The aim of this problem is to familiarize us with the calculation of the **concentration** of an **aqueous solution.** The concept required to solve this problem is related to **molar concentrations,** **Van’t Hoff factor**, and** abnormal molar masses.**

According to **Van’t Hoff’s law**, a rise in **temperature** will result in an **expansion** in the **rate** of an endothermic reaction. In order to understand **Van’t Hoff law**, we must look into **Van’t Hoff factor** $(i)$, which is the **connection** between the obvious number of **moles** of solute mixed in solution specified by the **colligative effect** and the exact **number** of **moles** of solute mixed in order to construct a **solution.** The **formula** to calculate $(i)$ is:

\[ i = \alpha n + (1 – \alpha)\]

Where,

$i$ is the **Van ‘t Hoff factor,**

$ \alpha$ is the **extent of dissociation,** and

$n$ is the** number of ions** formed during the reaction.

## Expert Answer

So let’s get on with the given **problem.** As we have discussed above, the **Van’t Hoff factor** is basically the **measurement** of the **variation** of a solution from its ideal behavior. To calculate the **Van’t Hoff factor**, we will take help from the following **formula:**

\[ \bigtriangleup T_b = i \times K_b \times m……………. (1) \]

Where $\bigtriangleup T_b$ is one of the **colligative properties**Â responsible for calculating the **rise** in boiling point. The **boiling point** of a **solution** will increase if more solute is **added** to the **solution.** This phenomenon is known as** boiling point elevation.**

We are given the** boiling point** of the solution $100^{ \circ} C$. Finding $\bigtriangleup T_b$:

\[ \bigtriangleup T_b = 103.4 – 100 = 3.4^{ \circ} C \]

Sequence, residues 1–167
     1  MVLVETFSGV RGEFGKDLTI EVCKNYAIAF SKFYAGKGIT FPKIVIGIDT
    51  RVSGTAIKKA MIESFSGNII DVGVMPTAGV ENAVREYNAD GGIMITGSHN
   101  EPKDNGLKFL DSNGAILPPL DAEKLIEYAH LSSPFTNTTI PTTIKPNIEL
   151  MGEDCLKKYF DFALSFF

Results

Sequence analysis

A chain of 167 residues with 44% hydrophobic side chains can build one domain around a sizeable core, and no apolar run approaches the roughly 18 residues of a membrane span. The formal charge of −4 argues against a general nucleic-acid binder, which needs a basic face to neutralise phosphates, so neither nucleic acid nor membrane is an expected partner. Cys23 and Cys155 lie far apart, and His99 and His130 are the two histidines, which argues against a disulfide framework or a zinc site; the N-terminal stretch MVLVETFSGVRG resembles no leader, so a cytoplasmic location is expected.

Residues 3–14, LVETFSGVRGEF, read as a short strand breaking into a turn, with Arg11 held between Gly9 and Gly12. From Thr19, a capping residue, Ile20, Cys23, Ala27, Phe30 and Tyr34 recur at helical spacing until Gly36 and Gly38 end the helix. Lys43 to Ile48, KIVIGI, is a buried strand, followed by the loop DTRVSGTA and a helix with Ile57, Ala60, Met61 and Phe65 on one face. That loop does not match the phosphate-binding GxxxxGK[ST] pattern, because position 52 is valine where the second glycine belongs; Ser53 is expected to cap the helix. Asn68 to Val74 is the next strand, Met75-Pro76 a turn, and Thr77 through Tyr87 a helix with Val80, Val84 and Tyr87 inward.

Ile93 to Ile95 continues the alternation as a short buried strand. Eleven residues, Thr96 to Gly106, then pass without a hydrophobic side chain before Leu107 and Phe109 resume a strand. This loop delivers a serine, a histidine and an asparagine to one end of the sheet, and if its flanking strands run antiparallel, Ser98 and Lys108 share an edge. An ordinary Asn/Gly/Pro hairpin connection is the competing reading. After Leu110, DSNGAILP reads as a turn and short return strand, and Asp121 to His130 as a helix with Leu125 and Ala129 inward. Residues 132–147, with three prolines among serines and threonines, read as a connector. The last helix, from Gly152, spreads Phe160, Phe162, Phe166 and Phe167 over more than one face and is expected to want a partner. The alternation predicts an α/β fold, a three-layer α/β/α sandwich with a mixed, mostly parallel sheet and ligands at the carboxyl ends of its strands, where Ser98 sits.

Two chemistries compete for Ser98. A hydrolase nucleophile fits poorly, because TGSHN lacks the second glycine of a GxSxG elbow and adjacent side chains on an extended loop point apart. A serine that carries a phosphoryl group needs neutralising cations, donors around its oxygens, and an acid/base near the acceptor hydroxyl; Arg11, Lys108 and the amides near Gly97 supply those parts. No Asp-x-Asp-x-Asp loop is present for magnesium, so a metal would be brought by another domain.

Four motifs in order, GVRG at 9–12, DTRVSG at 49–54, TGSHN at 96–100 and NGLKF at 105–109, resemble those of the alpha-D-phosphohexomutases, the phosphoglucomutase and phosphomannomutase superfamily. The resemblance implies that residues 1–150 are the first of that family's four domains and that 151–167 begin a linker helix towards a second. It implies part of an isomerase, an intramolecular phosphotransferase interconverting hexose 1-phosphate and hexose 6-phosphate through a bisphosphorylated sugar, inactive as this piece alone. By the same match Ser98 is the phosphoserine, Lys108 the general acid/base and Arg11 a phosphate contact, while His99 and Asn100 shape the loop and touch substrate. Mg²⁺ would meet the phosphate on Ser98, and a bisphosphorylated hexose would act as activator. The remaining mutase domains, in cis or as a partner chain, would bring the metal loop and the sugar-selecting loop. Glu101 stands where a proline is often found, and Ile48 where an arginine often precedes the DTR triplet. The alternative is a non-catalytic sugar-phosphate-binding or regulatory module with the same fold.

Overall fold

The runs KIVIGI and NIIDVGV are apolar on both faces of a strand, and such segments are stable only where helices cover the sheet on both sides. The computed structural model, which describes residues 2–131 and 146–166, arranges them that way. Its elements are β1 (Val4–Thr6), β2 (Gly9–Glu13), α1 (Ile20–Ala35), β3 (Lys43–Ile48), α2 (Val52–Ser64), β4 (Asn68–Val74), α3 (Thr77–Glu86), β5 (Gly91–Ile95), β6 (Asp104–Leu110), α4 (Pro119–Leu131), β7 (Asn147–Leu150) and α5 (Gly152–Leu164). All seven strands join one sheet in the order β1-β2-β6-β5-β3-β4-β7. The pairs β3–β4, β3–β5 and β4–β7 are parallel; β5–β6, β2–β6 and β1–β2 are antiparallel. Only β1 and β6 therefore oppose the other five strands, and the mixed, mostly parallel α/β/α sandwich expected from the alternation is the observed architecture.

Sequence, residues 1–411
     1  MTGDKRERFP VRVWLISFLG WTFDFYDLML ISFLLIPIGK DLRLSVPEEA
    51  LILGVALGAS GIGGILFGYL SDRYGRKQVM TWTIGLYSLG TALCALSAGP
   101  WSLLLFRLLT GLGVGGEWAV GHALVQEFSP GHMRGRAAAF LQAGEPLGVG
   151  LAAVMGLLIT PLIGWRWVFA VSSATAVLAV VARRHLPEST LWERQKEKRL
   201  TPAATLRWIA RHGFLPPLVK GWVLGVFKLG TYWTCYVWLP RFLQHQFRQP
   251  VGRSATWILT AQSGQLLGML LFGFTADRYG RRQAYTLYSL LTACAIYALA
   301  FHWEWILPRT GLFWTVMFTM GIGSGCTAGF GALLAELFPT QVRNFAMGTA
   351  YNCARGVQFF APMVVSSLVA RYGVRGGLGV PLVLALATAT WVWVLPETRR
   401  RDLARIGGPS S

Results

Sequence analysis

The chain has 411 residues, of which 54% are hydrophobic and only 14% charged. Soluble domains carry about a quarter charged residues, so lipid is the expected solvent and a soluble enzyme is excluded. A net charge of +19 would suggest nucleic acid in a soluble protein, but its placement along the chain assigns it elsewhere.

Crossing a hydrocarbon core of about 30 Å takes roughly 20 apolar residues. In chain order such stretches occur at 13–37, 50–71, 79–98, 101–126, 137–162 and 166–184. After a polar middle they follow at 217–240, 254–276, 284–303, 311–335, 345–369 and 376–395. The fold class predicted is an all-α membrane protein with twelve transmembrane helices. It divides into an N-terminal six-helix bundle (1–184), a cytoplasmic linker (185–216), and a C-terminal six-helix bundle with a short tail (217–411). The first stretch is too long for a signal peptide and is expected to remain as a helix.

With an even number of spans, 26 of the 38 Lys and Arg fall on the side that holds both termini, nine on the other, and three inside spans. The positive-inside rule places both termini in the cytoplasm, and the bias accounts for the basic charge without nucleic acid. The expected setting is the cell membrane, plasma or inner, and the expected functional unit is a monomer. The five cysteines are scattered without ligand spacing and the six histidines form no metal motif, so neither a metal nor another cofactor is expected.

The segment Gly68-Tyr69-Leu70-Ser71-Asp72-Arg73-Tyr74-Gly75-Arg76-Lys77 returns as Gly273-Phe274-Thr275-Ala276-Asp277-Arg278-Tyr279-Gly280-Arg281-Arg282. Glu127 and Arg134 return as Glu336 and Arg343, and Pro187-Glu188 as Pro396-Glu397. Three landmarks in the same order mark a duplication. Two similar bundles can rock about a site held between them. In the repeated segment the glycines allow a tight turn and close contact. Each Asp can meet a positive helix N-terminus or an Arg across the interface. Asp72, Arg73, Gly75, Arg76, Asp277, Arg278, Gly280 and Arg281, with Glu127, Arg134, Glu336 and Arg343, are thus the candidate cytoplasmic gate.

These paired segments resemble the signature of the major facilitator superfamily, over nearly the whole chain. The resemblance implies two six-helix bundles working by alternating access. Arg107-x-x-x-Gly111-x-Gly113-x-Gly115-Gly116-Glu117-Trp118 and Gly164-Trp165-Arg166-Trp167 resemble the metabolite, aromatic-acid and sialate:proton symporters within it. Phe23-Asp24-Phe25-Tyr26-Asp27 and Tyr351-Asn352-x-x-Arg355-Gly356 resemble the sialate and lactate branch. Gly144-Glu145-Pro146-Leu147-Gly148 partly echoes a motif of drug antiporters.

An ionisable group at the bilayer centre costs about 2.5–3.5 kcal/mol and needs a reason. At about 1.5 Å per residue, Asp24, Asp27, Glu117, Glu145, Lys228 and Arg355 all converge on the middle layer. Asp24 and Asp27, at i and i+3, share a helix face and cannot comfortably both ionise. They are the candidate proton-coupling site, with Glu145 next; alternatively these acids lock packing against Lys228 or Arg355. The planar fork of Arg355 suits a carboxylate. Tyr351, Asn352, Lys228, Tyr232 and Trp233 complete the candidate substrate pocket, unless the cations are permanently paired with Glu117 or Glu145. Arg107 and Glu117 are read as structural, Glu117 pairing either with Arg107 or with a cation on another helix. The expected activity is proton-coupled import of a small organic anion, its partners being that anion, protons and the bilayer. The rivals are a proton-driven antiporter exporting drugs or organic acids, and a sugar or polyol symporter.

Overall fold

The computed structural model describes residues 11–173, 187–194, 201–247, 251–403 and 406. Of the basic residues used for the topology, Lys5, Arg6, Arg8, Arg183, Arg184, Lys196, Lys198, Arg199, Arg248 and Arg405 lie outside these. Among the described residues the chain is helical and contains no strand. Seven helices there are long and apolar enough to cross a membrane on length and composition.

Here, $3.4^{ \circ}C$ is the** boiling point elevation.**

Whereas $K_b$ is known as the **ebullioscopic constant** and its value is given as $0.512^{ \circ}C \space kgmol^{-1}$.

And $m$ is the **molarity** of the solution, defined as the **number** of **moles** of solute mixed in $1000g$ of solvent. So:

$m = 2.4$

**Substituting** the values in equation $(1)$ gives us:

\[ \bigtriangleup T_b = i \times K_b \times m \]

\[ 3.4 = i \times 0.512 \times 2.4 \]

\[ i = \dfrac{3.4}{0.512 \times 2.4} = 2.76 \]

Thus **Van’t Hoff factor** $i$ is $2.76$.

## Numerical Answer

The **Van’t Hoff factor** $i$ for $MX_2$ is $2.76$.

## Example

The **boiling point** of a $1.2 M$ aqueous solution $MX$ is $101.4^{\circ}C$. Find the **Van’t Hoff factor** for $MX$.

To calculate the **Van’t Hoff factor,** we will take help from the following **formula:**

\[ \bigtriangleup T_b = i \times K_b \times m \]

We are given the **boiling point** of the solution $100^{ \circ} C$. Finding $\bigtriangleup T_b$:

\[ \bigtriangleup T_b = 101.4 – 100 = 1.4^{ \circ} C \]

Here, $1.4^{ \circ}C$ is the **boiling point elevation.**

$K_b = 0.512^{ \circ}C \space kgmol^{-1}$.

And $m = 1.2$.

**Substituting** the values in the equation of $T_b$ gives us:

\[ 1.4^{\circ}C = i \times 0.512^{\circ}C\space kgmol^{-1} \times 1.2 \]

\[ i = \dfrac{1.4}{0.512 \times 1.2} = 2.28\]

Thus, theÂ **Van’t Hoff factor** $i$ is $2.28$.